Recreational facilities, such as city parks and golf courses, and large institutional complexes, such as schools, business parks and campuses, should immediately implement water reduction plans to reduce the use of potable water for outdoor irrigation.

Commercial establishments such as hotel and restaurants should take steps to reduce water usage and increase public awareness of the drought through measures such as offering drinking water only upon request and providing customers with options to avoid daily washing of towels or sheets.

Professional sports facilities, such as basketball arenas, football, soccer, and baseball stadiums, and hockey rinks should reduce water usage and increase public awareness of the drought by reducing the use of potable water for outdoor irrigation and encouraging conservation by spectators.

The Water Board shall direct urban water suppliers that are not already implementing drought response plans to limit outdoor irrigation and other wasteful water practices such as those identified in this Executive Order. The Water Board will request by June 15 an update from urban water agencies on their actions to reduce water usage and the effectiveness of these efforts. The Water Board is directed to adopt emergency regulations as it deems necessary, pursuant to Water Code section 1058.5, to implement this directive.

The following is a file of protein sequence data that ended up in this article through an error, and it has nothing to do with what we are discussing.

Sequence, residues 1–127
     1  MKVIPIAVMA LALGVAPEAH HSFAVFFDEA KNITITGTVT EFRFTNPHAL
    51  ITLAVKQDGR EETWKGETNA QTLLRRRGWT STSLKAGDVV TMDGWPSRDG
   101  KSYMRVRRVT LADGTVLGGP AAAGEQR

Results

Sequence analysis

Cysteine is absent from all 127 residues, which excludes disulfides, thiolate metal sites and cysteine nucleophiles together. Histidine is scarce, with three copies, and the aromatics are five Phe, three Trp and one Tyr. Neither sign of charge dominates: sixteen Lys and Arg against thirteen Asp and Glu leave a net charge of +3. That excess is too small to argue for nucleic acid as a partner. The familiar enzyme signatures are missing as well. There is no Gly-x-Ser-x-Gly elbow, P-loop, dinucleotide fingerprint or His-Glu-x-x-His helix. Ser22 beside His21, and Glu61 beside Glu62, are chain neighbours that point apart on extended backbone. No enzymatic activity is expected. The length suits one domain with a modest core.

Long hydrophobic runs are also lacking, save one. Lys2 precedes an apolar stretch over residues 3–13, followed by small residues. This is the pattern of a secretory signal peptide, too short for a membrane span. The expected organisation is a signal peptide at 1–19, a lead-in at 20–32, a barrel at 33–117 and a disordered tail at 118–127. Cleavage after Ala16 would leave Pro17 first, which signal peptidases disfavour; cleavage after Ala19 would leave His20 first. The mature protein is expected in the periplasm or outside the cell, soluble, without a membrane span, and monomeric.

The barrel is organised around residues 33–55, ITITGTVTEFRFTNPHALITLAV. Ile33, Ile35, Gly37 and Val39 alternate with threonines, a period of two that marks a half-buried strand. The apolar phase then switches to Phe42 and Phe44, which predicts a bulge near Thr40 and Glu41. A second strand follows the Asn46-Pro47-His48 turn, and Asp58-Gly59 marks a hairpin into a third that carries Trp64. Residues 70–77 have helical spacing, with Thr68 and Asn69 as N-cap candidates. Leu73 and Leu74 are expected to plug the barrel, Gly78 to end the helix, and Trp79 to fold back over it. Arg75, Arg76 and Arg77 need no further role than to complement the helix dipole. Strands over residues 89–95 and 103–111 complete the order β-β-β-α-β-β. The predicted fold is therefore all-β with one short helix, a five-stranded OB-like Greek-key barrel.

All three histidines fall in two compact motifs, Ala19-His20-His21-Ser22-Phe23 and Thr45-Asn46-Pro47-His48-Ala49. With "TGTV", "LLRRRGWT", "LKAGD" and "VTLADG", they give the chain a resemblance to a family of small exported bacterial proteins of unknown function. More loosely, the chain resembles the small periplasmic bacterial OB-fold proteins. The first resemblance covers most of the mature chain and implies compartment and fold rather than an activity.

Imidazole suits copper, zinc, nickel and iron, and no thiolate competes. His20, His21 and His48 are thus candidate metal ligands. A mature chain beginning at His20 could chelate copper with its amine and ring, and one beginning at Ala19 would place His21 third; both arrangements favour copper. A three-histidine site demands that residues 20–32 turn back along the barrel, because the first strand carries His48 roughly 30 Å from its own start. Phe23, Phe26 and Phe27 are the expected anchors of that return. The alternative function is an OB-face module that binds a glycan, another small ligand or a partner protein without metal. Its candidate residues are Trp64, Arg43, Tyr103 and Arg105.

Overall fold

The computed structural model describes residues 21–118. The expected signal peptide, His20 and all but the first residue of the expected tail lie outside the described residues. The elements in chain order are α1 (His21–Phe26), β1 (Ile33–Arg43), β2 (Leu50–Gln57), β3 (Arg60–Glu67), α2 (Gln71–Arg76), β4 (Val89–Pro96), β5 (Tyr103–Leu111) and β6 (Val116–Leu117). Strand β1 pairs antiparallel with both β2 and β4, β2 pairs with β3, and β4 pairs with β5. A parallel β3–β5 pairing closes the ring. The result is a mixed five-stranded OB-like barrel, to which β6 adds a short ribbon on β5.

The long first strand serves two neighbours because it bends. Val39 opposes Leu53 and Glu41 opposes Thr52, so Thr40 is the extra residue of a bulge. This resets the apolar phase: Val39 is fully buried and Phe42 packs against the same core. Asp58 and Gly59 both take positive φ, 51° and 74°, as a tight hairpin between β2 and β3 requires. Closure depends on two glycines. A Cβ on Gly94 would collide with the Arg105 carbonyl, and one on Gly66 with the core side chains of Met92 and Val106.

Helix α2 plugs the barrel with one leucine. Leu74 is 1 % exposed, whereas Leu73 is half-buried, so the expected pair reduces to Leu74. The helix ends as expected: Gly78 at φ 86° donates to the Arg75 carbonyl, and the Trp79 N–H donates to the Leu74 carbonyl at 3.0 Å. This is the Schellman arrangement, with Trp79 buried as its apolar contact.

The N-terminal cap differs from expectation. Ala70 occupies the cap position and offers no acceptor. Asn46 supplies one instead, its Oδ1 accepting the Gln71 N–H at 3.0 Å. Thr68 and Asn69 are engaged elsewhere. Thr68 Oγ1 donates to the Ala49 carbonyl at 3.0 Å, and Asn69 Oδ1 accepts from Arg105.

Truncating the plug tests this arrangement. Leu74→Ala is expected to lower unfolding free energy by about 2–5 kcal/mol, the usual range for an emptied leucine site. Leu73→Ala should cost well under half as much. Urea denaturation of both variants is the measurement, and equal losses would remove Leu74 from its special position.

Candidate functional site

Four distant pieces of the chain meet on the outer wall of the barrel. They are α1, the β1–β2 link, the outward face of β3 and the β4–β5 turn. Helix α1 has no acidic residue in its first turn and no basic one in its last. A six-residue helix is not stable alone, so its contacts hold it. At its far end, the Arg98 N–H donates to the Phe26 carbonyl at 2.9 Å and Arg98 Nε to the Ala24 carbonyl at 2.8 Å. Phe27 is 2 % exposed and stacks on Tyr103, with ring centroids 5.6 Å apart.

Californians can learn more about conserving water from the Save Our Water campaign (

4. Homeowners Associations (commonly known as HOAs) have reportedly fined or threatened to fine homeowners who comply with water conservation measures adopted by a public agency or private water company. To prevent this practice, pursuant to Government Code section 8567, I order that any provision of the governing document, architectural or landscaping guidelines, or policies of a common interest development will be void and unenforceable to the extent it has the effect of prohibiting compliance with the water-saving measures contained in this directive, or any conservation measure adopted by a public agency or private water company, any provision of Division 4, Part 5 (commencing with section 4000) of the Civil Code notwithstanding.

5. All state agencies that distribute funding for projects that impact water resources, including groundwater resources, will require recipients of future financial assistance to have appropriate conservation and efficiency programs in place.